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The Department of Energy has proposed a rule clarification that, if implemented, would alter the way most in the industry have traditionally defined “showerhead” as it relates to water use and, as a result, potentially eliminate some multi-head shower installations. The Plumbing Manufacturers Institute (PMI) is lobbying against the proposal, and installers have expressed concern about the potential loss of business.

In the proposal, the DOE “reinterprets” the definition of a showerhead to include any size, placement, or number of sprays provided they all come from one inlet. Under this new interpretation, the DOE “will find a showerhead noncompliant with the EPCA’s maximum water use standard if the showerhead’s standard components, operating in their maximum design flow configuration, taken together use in excess of 2.5 gpm when flowing at 80 psi, even if each component individually does not exceed 2.5 gpm.”

In other words, multi-head shower systems, whether they are custom installed or part of one panel of sprays, would have to abide by flow restrictions currently applied to a single showerhead.

“Over the past months, DOE has received several complaints alleging that certain showerhead products exceed the federal water conservation standard,” says DOE spokesperson Christina Kielich. “In the course of investigating these complaints, DOE discovered some confusion as to how the Department’s definition of ‘showerhead’ for water conservation purposes applied to new showerhead designs being marketed under names such as waterfalls, shower towers, rainheads, and shower systems. … We note that DOE’s draft interpretation is not a rule change, but a clarification of the definition in our current regulation. It makes clear DOE’s view of how the standard for showerheads should be applied to that definition.”

PMI says the proposal’s classification as an “interpretive” rule change does not provide proper weight to its potential ramifications. “PMI’s biggest concern is that the process to make this rule change is inappropriate,” says Lee Mercer, president of PMI and director of product compliance for Moen. “They really haven’t examined the potential implications and unintended consequences of changing this definition.”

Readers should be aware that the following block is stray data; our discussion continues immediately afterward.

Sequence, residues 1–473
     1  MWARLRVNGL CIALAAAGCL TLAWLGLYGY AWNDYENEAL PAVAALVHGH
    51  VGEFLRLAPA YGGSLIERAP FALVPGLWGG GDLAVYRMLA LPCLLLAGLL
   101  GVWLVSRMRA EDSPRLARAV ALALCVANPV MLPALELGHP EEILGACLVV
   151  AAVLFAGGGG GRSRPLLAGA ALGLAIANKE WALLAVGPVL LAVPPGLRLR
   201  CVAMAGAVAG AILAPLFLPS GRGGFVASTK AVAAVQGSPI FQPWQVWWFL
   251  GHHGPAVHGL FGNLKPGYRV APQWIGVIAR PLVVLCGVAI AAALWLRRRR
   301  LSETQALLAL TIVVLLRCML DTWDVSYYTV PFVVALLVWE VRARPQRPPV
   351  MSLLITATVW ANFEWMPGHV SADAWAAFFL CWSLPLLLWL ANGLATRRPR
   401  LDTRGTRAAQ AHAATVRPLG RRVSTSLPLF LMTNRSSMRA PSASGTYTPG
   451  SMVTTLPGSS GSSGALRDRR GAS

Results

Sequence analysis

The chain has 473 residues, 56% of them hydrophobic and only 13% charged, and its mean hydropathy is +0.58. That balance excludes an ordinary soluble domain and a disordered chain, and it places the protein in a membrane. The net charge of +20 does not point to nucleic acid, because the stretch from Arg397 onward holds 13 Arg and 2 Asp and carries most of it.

PMI is pushing for the proposed change to be qualified as a “substantive” rule, which would provide more time for interested stakeholders and the public to comment on the potential impact, provide input, and collaborate on a solution.

Mercer and other manufacturers we spoke to say they recognize that saving water is important, as proven in the strides they have made through the EPA’s stringent, consensus-based WaterSense standards and the vast array of high-performance, low-flow fixtures now available. But they also feel that consumer needs and preferences also should be taken into account. “We support their goal … but [not] how they’re going about doing it,” says Gray Uhl, director of design at American Standard.


“We’re committed to water conservation,” Mercer agrees. “On the other side of that, we’re also committed to developing products to the consumer and believing in consumer choice.” Though multi-head systems conjure images of high-end homes and luxury installs, manufacturers say there are a number of other audiences, such as the disabled and the elderly, who rely on the height flexibility and/or therapy the systems provide.

Rob Zimmerman, senior staff engineer for water conservation initiatives at Kohler, also expressed concern that the rule change could amplify the already-existing problem of non-compliant products being sold illegally with few consequences.

Public comments can be made through June 18
via e-mailThis e-mail address is being protected from spambots. You need JavaScript enabled to view it
or online.

“Once we have had a chance to review the comments, we intend to issue a final interpretive rule to clarify the definition of ‘showerhead’ as used in our rules,” Kielich says. “As we proceed, we will be mindful of manufacturers’ production decisions that may have been based on a misunderstanding of the definition of the term showerhead for purposes of DOE’s rules.” 

Installers have already lashed out on the online board, lamenting the loss of business that could result from the elimination of custom shower systems.

The percentage of bathrooms equipped with multi-spray systems is hard to find, though some manufacturers estimate it to be as low as 2%. Still, a Remodeling magazine reader panel found that 50% of master bathroom remodels used only one showerhead, while 24.4% used two, and 23% used one showerhead plus at least three side sprays.

Katy Tomasulo is Deputy Editor for EcoHome.

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